PT_GETFPREGS (not available on luna88k or sgi)
		   This	request	reads the traced process' floating-point reg-
		   isters into the "struct fpreg" (defined in <machine/reg.h>)
		   pointed to by addr.

     PT_SETFPREGS (not available on luna88k or sgi)
		   This	request	is the converse	of PT_GETFPREGS; it loads the
		   traced process' floating-point registers from the "struct
		   fpreg" (defined in <machine/reg.h>) pointed to by addr.

     PT_GETXMMREGS (i386 only)
		   This	request	reads the traced process' XMM registers	into
		   the "struct xmmregs"	(defined in <machine/reg.h>) pointed
		   to by addr.

     PT_SETXMMREGS (i386 only)
		   This	request	is the converse	of PT_GETXMMREGS; it loads the
		   traced process' XMM registers from the "struct xmmregs"
		   (defined in <machine/reg.h>)	pointed	to by addr.

     PT_WCOOKIE	(sparc64 only)
		   This	request	reads the traced process' `window cookie' into
		   the int pointed to by addr.	The window cookie needs	to be
		   `XOR'ed' to stack-saved program counters.

     Some requests can cause ptrace() to return	-1 as a	non-error value; to
     disambiguate, errno is set	to zero	and this should	be checked.  The pos-
     sible errors are:

	   No process having the specified process ID exists.

	   o   A process attempted to use PT_ATTACH on itself.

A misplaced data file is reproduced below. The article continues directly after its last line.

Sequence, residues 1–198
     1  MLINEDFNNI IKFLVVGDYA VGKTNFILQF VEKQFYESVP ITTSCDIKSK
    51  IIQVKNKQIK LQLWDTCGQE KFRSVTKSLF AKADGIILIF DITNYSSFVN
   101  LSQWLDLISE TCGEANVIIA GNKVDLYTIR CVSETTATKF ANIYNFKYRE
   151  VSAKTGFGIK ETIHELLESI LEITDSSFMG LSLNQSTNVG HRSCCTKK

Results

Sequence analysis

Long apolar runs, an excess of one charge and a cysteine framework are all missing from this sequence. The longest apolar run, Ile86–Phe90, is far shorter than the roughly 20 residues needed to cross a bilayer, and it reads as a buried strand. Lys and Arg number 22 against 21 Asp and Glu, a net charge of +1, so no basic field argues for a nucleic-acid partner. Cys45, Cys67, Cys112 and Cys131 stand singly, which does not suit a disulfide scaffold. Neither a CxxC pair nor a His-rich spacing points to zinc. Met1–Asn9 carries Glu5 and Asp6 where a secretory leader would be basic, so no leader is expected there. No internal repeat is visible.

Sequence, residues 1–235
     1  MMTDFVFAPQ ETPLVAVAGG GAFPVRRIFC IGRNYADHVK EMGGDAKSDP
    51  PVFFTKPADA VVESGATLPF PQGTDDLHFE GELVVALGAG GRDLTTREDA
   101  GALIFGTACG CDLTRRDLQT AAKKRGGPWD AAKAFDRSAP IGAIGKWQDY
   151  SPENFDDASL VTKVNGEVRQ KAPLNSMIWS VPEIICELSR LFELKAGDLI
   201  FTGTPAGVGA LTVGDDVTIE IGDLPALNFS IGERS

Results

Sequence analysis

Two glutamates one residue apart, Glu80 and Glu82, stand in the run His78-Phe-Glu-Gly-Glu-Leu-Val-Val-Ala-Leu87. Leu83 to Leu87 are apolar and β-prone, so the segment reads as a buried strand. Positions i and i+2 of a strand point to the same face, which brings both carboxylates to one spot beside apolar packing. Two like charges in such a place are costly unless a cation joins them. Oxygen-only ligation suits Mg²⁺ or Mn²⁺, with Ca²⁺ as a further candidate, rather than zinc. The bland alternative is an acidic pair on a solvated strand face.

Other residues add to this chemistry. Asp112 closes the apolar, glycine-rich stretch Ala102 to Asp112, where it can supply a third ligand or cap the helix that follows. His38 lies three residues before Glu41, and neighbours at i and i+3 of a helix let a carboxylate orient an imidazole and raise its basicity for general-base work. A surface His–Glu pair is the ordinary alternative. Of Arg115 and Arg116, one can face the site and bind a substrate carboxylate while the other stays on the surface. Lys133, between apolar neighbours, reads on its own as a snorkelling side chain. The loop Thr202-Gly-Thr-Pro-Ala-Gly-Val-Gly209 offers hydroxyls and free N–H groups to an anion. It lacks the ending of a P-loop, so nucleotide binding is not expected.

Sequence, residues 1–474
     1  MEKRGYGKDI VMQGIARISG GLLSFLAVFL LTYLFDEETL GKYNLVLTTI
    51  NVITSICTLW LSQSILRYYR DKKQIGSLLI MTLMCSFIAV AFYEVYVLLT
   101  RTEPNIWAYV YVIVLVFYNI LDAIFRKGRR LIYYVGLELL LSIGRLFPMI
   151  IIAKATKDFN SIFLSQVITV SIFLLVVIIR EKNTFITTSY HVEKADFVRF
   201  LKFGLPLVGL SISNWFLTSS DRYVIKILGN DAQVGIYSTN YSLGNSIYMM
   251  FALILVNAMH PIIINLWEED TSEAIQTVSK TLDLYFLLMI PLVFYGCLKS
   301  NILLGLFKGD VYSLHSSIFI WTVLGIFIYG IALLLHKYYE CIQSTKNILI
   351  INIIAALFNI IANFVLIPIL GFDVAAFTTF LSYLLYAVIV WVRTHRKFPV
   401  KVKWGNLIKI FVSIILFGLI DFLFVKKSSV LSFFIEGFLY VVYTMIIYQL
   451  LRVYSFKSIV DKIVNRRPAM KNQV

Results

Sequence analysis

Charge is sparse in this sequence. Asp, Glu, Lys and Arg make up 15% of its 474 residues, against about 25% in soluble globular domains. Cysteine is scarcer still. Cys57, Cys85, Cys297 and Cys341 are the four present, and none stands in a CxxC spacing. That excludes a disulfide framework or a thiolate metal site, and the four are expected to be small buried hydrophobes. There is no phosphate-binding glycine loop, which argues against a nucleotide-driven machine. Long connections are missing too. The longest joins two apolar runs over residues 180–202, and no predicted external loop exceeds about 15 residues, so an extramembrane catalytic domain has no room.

o   The request was not one of the legal requests.
	   o   The signal number (in data) to PT_CONTINUE was neither 0	nor a
	       legal signal number.
	       tempted on a process with no valid register set.	 (This is nor-
	       mally true only of system processes.)

	   o   PT_ATTACH was attempted on a process that was already being
	   o   A request attempted to manipulate a process that	was being
	       traced by some process other than the one making	the request.
	   o   A request (other	than PT_ATTACH)	specified a process that
	       wasn't stopped and waited for.

	   o   A request (other	than PT_ATTACH)	attempted to manipulate	a
	       process that wasn't being traced	at all.
	   o   An attempt was made to use PT_ATTACH on a process in violation
	       of the requirements listed under	PT_ATTACH above.
	   o   An attempt was made to use PT_ATTACH on a system	process.

     The ptrace() system call first appeared in	Version	6 AT&T UNIX.

     On	several	RISC architectures (such as luna88k and	sparc64), the PC is
     set to the	provided PC value for PT_CONTINUE and similar calls, and the
     remainder of the execution	pipeline registers are set to the following
     instructions, even	if the instruction at PC is a branch instruction.  Us-
     ing PT_GETREGS and	PT_SETREGS to modify the PC, passing (caddr_t)1	to
     ptrace(), should be able to sidestep this.

FreeBSD	13.0		       September 1, 2016		  FreeBSD 13.0